Tuesday, October 11, 2011

A Watch Primer #08: Tiers & Price Ranges, Part Three & Conclusions

This post is the last installment in the Tiers and Price Ranges entries for A Watch Primer.  It covers the final, most expansive (and yes, expensive) range - $10,000+ and beyond – and then looks back on all the tiers at which we’ve looked and offers some helpful tips for those interested in starting or expanding their watch collections.

Haute Horology - $10,000+ and Beyond

Once the price tag on a watch begins to exceed the ten grand threshold, you begin to venture past the realm of mass-production pieces into hand-finished, hand-assembled or bespoke watches.  In short, you’ve entered the playground of haute horology. 

The highest pantheon of big Swiss manufacturers – Patek Philippe, Audemars Piguet, and Vacheron Constantin – start becoming accessible at this point, along with their peer from Glashutte, A. Lange & Sohne, as do the high-end models from Jaeger-LeCoultre.  Precious metal cases and bands enter the fold, and as you venture into $50k and beyond, so do the most challenging (and sought after) complications: perpetual calendars, rattraponte chronographs, minute repeaters.  Or if you’re looking to avoid widely available and factory manufactured pieces for something produced in small batches, largely by hand, and even built to your own specifications. 

If money is no object (as it is increasingly likely to be, if you’re shopping in this rarified neighborhood), you can snag a bespoke piece from world-class horologist like F.P. Journe or Richard Mille.  An honorable mention for the made-to-order market must go out to American company RGM Watches, which offers a great degree of customizability and has succeeding in offering the first American-made movement since Hamilton became a Swiss company, as well as its own tourbillion model.

Ultimately, this tier covers too much ground in terms of style and function to be able to encapsulate it all in a couple of exemplary watches.  My own “grail watch” picks from this tier reflect my preference for simpler watches with clean dials: Patek Philippe’s Calatrava line is still the high water mark for dress watches, Audemars Piguet’s classic blue-dialed Royal Oak (which, try as I might, I still prefer aesthetically to the also Genta-designed PP Nautilus) for steel sports watches, and, my top if-money-was-no-object choice, the A. Lange & Sohne Saxonia Dual Time in white gold:

Drawing Conclusions

So what can we learn from looking at the entire field of watches from drugstore Casio to bespoke Richard Mille?  For a device that has been rendered potentially obsolete with the advent of the smartphone (which could, with the right app, perform any of the timekeeping duties of a wristwatch, with greater accuracy and without costly maintenance), the wide panoply of designs, features, and target markets are as diverse as the people who wear them.  Every watch-wearing individual has his or her own opinion about what’s good and what isn’t, and with the traditional rules of wrist wear becoming increasingly blurred over time (case in point: the mounting consensus that a classically designed sports watch like the Rolex Submariner can perform dress watch duty as easily as it can time a dive), it is the clarity and coherence of your own sense of aesthetics that must chart the course of your watch collection. 

Price alone cannot determine the inherent worth of a timepiece.  It should, however, factor into your buying decisions for at least two reasons, the first obvious, the second less so.  First, the watch you buy to wear around your wrist should not be expensive enough to pay off your mortgage (or you probably should have used that money to do just that) or cause you to worry over your timepiece so much that it inhibits your ability to use and enjoy it.  Second, the price of your watch reflects your philosophical view of watches and the practice of wearing them.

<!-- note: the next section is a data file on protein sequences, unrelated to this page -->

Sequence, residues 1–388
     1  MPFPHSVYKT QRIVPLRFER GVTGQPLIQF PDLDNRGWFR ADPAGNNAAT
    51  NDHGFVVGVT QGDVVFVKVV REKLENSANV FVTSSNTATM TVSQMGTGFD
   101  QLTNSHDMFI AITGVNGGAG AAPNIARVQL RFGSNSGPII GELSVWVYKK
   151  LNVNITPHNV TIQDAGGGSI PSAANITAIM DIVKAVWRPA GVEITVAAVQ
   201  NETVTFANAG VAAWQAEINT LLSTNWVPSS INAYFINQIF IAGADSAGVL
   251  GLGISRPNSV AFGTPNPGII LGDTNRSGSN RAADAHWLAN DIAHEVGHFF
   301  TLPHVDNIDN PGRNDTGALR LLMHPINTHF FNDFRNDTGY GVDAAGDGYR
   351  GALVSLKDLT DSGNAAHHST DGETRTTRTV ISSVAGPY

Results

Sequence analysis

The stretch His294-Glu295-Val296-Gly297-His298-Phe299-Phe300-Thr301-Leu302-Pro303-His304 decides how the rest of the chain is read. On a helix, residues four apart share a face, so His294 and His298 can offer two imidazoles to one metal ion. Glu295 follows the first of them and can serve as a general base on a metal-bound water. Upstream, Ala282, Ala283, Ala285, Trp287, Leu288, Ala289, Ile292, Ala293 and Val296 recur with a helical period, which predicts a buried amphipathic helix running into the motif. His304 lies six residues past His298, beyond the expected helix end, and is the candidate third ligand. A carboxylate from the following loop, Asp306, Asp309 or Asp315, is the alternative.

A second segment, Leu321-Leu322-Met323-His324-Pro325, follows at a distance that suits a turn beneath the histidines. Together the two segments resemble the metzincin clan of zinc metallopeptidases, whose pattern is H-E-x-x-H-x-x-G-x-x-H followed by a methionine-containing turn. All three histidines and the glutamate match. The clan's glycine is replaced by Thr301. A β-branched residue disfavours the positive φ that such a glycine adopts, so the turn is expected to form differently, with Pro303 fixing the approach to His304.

As wearing a wristwatch is no longer a requirement for telling accurate time, the act of wearing one has shifted from practical necessity to a stylistic choice.  It can be assumed to some degree that a man who wears a watch every day – or even as part of a larger rotation – does so because he appreciates it.  Given that appreciation, an observer can safely deduce facets of the man from the qualities of the watch.  A gentleman who chooses a solid but inexpensive quartz model like the Timex Easyreader as his day-to-day watch may be unpretentious, frugal, shrewd, or utilitarian – or he might be the opposite of all those things.  But his selection of timepiece inevitably speaks to his view of watches as a whole: his choice of a value-priced model with quartz accuracy and convenience evokes a perspective of watches as tools rather than affectations.  A man who wears a Rolex daily may do so because he is appearance-conscious, a big spender, or appreciates the aesthetics of the brand or a mechanical movements.  But his choice evokes a view of watches as objects of intrinsic (and, perhaps, intangible) worth, irrespective of functionality, ease of use, or efficiency.  Such a man inevitably acknowledges that watches as both timekeepers and aesthetic statements, and displays a willingness to invest in an aesthetic object that, if maintained and cared for, is designed to accompany him throughout his life.  Neither outlook is wrong; nor is one any more correct than the other.  But each man’s outlook inevitable reveals something about the man himself, and so it is a wise individual who takes pains to both know himself well enough to understand his outlook and chooses a watch that comports with it.

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